The driver benefits from a heated steering wheel and fabulously comfortable seats with good lower back support that can be made better via standard power lumbar adjustment, plus side bolstering is excellent for the segment, and perforated inserts offer better breathability year round along with forced ventilation when things heat up in the summer. The 3-level seat heaters got toasty warm in their topmost setting, while I appreciated the 2-position memory system for finding my favourite seat setup every time I climbed inside. You might never sit in the back, but it’s nice to know that your passengers will be well accommodated with loads of space in every direction and suitably comfortable outboard seats that are made even more enjoyable by seat heaters of their own.
Some Laramie Limited features not yet mentioned include proximity-sensing access with push-button ignition, auto high beams, and rain-sensing wipers. But really, I’m only scratching the surface of all that’s included in this ultra-luxurious truck…
What matters the most for most truck lovers
Fortunately for the Laramie Limited, it rides just like a truck, which you’ll know is hardly an insult if you’ve driven a Ram 1500 lately. By far the nicest-riding pickup truck in the half-ton class, this top-line model takes things up a notch or three. It has one of the most comfortable suspensions anywhere, and I include the fully loaded Lincoln Navigator and Cadillac Escalade on that list. How I wish Dodge had made an SUV version of this truck back in the ‘90s when much talk was bantered about on the subject.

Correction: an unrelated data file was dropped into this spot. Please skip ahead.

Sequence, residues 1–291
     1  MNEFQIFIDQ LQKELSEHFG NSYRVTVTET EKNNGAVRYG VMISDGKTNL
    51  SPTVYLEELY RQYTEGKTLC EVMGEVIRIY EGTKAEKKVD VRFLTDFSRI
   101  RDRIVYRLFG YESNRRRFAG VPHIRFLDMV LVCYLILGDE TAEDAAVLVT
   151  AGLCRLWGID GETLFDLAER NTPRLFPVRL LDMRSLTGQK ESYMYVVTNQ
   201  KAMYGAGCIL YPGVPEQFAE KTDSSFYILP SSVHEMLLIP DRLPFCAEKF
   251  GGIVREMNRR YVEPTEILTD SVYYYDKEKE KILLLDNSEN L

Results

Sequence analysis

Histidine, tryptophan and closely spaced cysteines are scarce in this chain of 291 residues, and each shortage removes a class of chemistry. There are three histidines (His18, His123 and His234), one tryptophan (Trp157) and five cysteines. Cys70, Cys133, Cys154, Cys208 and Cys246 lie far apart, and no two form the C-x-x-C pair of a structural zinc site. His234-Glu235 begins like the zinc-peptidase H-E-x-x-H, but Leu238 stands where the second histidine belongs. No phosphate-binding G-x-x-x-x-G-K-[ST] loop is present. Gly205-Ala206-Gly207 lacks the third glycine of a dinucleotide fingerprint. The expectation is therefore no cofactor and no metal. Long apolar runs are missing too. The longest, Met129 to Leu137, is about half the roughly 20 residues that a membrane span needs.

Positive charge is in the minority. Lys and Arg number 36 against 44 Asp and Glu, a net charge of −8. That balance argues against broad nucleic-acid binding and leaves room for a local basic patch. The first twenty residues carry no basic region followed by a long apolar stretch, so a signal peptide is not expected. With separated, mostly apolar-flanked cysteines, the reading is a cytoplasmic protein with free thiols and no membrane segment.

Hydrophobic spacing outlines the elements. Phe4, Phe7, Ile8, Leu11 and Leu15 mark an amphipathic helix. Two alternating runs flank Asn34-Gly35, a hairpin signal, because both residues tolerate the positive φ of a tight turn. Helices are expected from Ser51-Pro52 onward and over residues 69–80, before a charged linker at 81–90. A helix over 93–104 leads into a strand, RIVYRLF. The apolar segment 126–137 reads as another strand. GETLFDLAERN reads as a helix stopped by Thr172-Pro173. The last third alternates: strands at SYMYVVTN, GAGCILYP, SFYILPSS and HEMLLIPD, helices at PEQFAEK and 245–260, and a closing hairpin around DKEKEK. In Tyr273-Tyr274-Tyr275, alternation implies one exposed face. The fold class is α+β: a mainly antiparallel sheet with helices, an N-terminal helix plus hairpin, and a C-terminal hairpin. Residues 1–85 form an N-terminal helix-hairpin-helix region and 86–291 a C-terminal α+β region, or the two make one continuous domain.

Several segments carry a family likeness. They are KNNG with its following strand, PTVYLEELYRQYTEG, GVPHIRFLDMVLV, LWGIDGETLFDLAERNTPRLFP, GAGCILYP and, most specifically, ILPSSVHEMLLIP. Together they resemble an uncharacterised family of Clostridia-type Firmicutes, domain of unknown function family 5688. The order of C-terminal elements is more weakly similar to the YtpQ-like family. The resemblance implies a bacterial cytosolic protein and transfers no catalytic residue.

Along with that wonderful ride is class-leading handling. The Ram 1500’s usual 5-link independent rear suspension with coil springs is replaced here with an Active-Level Four-Corner Air Suspension, which is not only a full league above its leaf-sprung competitors, but another class above its coil-sprung Ram brethren. Some purists initially scoffed at the Ram 1500’s unorthodox rear suspension designs, but both coil and air setups have proven their capability for load hauling and towing heavy trailers. My Laramie Limited 4x4 tester boasted a max payload of 603 kg (1,330 lbs) and a tow rating of 3,452 kg (7,610 lbs).
If you want to make it work harder, just stick with the base 5.7L HEMI V8, but the $3,850 pricier 3.0L EcoDiesel V6 is exactly the way I’d order it. It proved to be as wonderfully strong, impressively smooth, and brilliantly powerful as it’s been each time I’ve tested it, plus superbly quiet as well ― a perfect companion to my tester’s high level of luxury. While its tow rating might be a couple hundred pounds less, this mill is plenty energetic off the line and more than capable for passing maneuvers thanks to 240 horsepower and even more torque than the big V8 at 420 lb-ft compared to 410. Also, the 8-speed automatic transmission results in greater efficiency than any other full-size pickup available when combined with the EcoDiesel: 12.1L/100km in the city and 8.8L/100km on the highway.
It’s bizarre, really. If I had started this review by talking about its turbo-diesel powerplant, 8-speed autobox, auto-leveling air suspension, leather-lined cabin, real hardwood trim, and myriad of features, you would’ve likely thought I had tested a top-line BMW 7 Series or Mercedes-Benz S-Class. Instead, we’re talking about a pickup truck with real workhorse credentials. How times have changed, and why not? After all, wealthy ranchers, contractors, and other truck lovers deserve something as well conceived and executed as the 2016 Ram 1500 Laramie Limited.
So, if you’re after the ultimate luxury truck, look no further. It’s easily the most opulently outfitted factory pickup truck ever produced with the best ride and handling combination available. Don’t believe me? Try one for yourself.